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Topic: new life for an old bookshelf  (Read 2376 times)
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jenthezero
« on: November 29, 2003 05:47:01 PM »

while dumpster-diving in my house, i found a bookshelf.  the previous renters were pigs, and left us with a bunch of their trash.

anyway, this bookshelf is perfect for my room.  it has room for all my books, my stuffed animals, and i can temporarily stash my purses there until i find another place for them.

one problem:  it's butt-ugly.  hideously ugly, even.  it's made of plywood, with fake wood paneling on the outsides and the tops of the shelves.  the plywood on the insides has been scribbled on with crayon and pen.

so what would be the easiest way to liberate it from its previous life as dumpster fodder?  should i strip the fake wood panels and paint it?  cover it with fabric?  paint the bare plywood?  i'm not sure what would be best for this...

jen
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suezqz
« Reply #1 on: November 30, 2003 01:45:30 PM »

I would do one of two things.  Either I'd strip it down to a paintable surface, give it an overall undercoate of a color and rub it with wax all over.  Than paint it over with a contrasting color, which will peel off where the wax lies underneath, revealing  your base color.  It'll look distressed.  You can also use two paint colors with a crackle glaze for a similar effect, and read the directions carefully because I've never actually done this.  You can paint it two contrasting colors, rub rubbing alcohol into the top coat in spots to reveal contrasting blotches underneath, looks cool, also embellish with decoupage of old album covers, comic books, movie stills, whatever.
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jenthezero
« Reply #2 on: November 30, 2003 04:32:24 PM »

hey, those are some cool ideas!  since the stupid fake wood paneling is already peeling off in places, it shouldn't be too hard to get it off.  thanks.
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susank
« Reply #3 on: December 11, 2003 09:03:25 AM »

I've had some [questionable] success by roughing up the surface of cheapie bookcases with sandpaper, applying a primer, and painting.  This was with IKEA stuff-- not sure what that fakey surface is called.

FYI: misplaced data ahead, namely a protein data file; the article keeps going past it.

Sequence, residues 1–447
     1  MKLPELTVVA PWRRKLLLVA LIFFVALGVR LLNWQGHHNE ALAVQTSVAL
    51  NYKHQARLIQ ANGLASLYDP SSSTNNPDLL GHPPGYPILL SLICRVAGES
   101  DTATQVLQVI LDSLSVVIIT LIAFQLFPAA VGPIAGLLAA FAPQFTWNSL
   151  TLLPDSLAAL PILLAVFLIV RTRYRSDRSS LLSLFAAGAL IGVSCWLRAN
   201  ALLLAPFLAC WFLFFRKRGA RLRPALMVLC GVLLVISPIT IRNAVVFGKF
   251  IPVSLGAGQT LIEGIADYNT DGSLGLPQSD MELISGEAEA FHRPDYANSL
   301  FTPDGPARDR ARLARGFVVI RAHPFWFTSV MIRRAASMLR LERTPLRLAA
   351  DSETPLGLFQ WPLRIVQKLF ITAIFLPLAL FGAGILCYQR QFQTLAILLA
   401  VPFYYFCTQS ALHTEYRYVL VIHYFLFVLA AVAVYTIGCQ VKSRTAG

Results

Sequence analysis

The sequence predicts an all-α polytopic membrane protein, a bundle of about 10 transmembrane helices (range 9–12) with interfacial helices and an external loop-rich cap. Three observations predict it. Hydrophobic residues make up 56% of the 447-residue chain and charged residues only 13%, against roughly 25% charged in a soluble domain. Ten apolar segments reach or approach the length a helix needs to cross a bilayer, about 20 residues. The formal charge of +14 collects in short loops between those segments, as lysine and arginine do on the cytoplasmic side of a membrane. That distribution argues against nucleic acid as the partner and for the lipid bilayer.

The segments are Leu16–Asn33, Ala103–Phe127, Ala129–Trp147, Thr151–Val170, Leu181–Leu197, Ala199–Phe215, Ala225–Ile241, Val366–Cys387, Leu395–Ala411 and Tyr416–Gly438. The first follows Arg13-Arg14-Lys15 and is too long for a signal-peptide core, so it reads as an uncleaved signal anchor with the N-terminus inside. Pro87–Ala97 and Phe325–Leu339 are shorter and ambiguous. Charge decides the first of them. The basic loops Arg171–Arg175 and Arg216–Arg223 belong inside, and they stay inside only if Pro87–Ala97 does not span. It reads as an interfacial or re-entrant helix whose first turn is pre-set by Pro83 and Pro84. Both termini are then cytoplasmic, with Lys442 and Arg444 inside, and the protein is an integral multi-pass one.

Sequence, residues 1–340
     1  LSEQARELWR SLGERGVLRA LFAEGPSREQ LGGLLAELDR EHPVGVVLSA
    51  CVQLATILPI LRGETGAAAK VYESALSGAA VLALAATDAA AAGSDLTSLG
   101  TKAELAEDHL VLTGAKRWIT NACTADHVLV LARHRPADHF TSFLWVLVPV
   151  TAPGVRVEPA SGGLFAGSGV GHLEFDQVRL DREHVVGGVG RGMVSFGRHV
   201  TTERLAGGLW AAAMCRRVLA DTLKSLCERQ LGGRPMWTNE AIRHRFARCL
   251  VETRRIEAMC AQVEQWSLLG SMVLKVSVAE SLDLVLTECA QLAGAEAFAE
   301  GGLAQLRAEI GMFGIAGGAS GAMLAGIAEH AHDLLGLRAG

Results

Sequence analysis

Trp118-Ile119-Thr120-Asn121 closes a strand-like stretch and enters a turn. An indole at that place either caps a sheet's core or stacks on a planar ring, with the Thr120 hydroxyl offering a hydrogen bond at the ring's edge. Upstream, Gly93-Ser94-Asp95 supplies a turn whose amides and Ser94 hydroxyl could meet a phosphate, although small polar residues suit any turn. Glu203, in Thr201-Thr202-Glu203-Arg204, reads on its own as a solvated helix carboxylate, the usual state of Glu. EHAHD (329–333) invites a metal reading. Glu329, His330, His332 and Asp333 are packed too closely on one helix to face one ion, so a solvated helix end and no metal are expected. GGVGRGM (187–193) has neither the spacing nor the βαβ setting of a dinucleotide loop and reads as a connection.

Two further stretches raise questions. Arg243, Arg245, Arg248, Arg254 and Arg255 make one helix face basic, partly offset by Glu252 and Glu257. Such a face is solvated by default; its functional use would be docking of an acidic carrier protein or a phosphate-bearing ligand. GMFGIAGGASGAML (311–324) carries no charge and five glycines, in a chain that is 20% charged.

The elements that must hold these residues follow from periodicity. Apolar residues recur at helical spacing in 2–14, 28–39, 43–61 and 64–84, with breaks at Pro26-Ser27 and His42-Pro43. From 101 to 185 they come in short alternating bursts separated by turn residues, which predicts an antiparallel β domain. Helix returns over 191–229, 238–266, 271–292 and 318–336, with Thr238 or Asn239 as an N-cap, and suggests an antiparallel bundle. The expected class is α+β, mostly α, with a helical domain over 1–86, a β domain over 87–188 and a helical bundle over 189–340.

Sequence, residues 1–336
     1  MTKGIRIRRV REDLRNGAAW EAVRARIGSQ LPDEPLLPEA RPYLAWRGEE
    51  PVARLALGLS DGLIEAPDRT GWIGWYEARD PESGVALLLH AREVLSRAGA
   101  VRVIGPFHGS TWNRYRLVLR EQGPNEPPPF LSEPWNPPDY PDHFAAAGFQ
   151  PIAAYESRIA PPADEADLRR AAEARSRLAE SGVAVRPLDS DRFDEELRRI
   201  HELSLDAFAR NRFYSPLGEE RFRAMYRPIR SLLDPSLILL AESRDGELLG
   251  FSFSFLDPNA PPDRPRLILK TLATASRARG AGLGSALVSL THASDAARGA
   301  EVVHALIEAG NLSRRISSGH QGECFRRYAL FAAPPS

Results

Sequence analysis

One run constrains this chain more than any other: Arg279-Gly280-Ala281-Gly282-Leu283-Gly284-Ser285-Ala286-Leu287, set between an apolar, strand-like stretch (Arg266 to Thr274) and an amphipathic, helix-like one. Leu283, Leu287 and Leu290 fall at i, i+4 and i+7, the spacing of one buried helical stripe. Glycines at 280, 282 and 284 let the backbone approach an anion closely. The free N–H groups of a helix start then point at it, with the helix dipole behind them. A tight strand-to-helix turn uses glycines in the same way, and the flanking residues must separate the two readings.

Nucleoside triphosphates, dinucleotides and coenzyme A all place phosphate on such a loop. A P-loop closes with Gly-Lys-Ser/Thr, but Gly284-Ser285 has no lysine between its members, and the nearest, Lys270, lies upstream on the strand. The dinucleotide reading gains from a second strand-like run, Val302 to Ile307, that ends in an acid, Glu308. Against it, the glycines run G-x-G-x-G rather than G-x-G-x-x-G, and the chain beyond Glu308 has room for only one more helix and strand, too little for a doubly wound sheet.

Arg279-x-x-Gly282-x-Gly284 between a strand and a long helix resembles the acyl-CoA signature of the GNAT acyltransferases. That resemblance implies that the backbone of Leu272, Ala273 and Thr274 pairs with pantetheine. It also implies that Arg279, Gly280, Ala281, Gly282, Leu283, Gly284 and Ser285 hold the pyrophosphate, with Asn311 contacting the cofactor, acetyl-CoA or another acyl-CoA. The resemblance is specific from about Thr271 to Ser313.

With this kind of project, the most important thing always seems to be to do the prep steps-- skimping on those leads to disaster.

--susan.
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« Reply #4 on: January 12, 2004 12:42:40 PM »

You could always try wrapping shelf paper or wall paper around the shelves or paint the shelves and cut squares of paper to go on the inside pannels of the bookcase...you know straight back so that there is a bit of contrast goin' on Grin
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« Reply #5 on: January 15, 2004 07:39:04 PM »

Spray paint it, then sponge paint it - sponge painting hides a multitude of sins!

Or decoupage it - also good for hiding any uneven surfaces!

Don't expect the plywood to look good on its own even if you strip it and/or sand it - it's just not made for that. It probably won't take to brush painting all that well either.

I like the crackle paint idea too!
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« Reply #6 on: January 17, 2004 04:21:20 PM »

I agree with whatever you do it's the prep work that you can't skimp, but I like the idea of the wax and paint!  

I've been debating getting a roll of corkboard and adding it the sides of my cabinet.   Or using that magnetic paint (but I hear you need lots of coats for it to work) and then repainting it another color.  So far all I've added is a curtain to so you can't see all my stuff.  

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« Reply #7 on: January 17, 2004 07:00:33 PM »

Udandi, I like the corkboard idea - that also would hide any surface flaws, etc.  You could also probably sponge paint on top of that as well, if you wanted to add some color onto it!

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« Reply #8 on: January 18, 2004 06:26:54 AM »

Udandi, I like the corkboard idea - that also would hide any surface flaws, etc.  You could also probably sponge paint on top of that as well, if you wanted to add some color onto it!

good point about hiding surface flaws since I've moved that cabinet from place to place and added a few dings (ooops).
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Lenae
« Reply #9 on: January 20, 2004 01:40:01 PM »

I grew up with one of those shelves in my room.  I re-vamped it over the summer.  I spray painted the entire thing silver.    
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